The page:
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Author Topic: Arlington - Stall Rent, Take It or Leave It  (Read 1569 times)
Mary Ann
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« Reply #25 on: March 26, 2013, 10:48:47 PM »

Dan, I hope you didn't think I was picking on you. The horsemen are an important factor in Arlington's success and it's about time CDI recognizes it. The horsemen are struggling to be profitable too, and they should be profitable, and what Arlington is doing now with this stall rent looks absolutely ridiculous and petty. There's got to be a better way to ensure Arlington, its shareholders and the horsemen are all successful as far as the profits go. Right now, it looks very lopsided with a lot of resentment.
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APCD Dan
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« Reply #26 on: March 26, 2013, 11:23:16 PM »

Dan, I hope you didn't think I was picking on you. The horsemen are an important factor in Arlington's success and it's about time CDI recognizes it. The horsemen are struggling to be profitable too, and they should be profitable, and what Arlington is doing now with this stall rent looks absolutely ridiculous and petty. There's got to be a better way to ensure Arlington, its shareholders and the horsemen are all successful as far as the profits go. Right now, it looks very lopsided with a lot of resentment.

No problem, I have fun with my CDI stock ownership thing.  It is sort of a running joke on this board and usually brings out Terry or HV.  Although there is a lot of truth in what I said.  You have to take care of your stockholders first.
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honest & balanced terry
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« Reply #27 on: March 27, 2013, 08:09:21 AM »

No problem, I have fun with my CDI stock ownership thing.  It is sort of a running joke on this board and usually brings out Terry or HV.  Although there is a lot of truth in what I said.  You have to take care of your stockholders first.

There's a fine line between destroying your business and "taking care of your stockholders".

If Mr. D and CDI don't need the horsemen as valued partners to put on the racing at AP, they should go out and buy their own 1400 horses to run around that track.
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"There are no $7500 maiden claimers, state-bred or otherwise, at Arlington."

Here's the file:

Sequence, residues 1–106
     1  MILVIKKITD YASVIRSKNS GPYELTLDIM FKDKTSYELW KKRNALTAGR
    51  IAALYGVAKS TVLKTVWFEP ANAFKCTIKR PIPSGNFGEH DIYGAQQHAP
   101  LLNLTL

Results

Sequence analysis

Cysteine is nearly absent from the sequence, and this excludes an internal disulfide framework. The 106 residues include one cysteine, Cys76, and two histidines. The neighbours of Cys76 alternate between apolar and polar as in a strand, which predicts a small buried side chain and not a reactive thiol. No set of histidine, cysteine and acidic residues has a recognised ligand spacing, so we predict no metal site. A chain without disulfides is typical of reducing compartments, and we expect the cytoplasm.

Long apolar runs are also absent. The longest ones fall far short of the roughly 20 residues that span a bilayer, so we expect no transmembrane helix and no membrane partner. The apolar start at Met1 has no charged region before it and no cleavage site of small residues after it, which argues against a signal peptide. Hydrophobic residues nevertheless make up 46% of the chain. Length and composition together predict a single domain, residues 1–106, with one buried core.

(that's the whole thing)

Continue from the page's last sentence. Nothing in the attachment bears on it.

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« Reply #28 on: March 27, 2013, 10:13:05 AM »

Thère are other issues with the AP contract offer beside the stall rent.  How about taking the guarenteed bottom purse of $11,500, and changing the wording to $7500.
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« Reply #29 on: March 27, 2013, 10:22:01 AM »

If RLD let a bunch of his friends have free stalls in the past while never racing at AP, that was always his prerogative. (I suppose it still is; I'm struggling with the idea of RLD having "a bunch of friends", that's all.  Cheesy )

For whatever reason, those days are over.

Questions for you, mild-mannered BTW forum reader / contributors:

1. When you stay at a friend's house for a few days or a week, do you just freeload and get waited on hand and foot?

I doubt it. If you have any sort of upbringing at all, you help out...you wash dishes, walk the family dog, buy a few bags of groceries, maybe leave a card with a nice gift certificate for a new restaurant your host has been meaning to try. In other words, you know nothing is really free.

2. When you go on vacation and have to kennel your house pets...is that free?

Of course not.

So then...how is it that some of you have become horsemen and somehow forgotten the message from points #1 and #2 above.

I'm sorry, I just get my hands around the whole "free stalls" thing. The horsemen would absolutely *hate* me if I ran a racetrack, I guess, because I would charge stall rent UP FRONT, then rebate charges when horses actually run.

And I don't really care how it's been done for the last 1000 years, so please don't go there -- it's a stale and irrelevant argument.

Perhaps racetracks would be less inclined to soak the racegoers for parking, admissions, etc., if they got fair dinkum from the horsemen...or maybe RLD will just go buy some more CDI stock. Who knows?  dunno
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« Reply #30 on: March 27, 2013, 10:28:12 AM »

I think that AP believes that they will get slots this year and that racing will be relegated to the back burner. As evidenced by their attitude toward racing in general, horsemen (contractual issues), fans (price increases) and bettors (Twin Spires interface, points). Couple those with DD's large stock purchases.
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beobob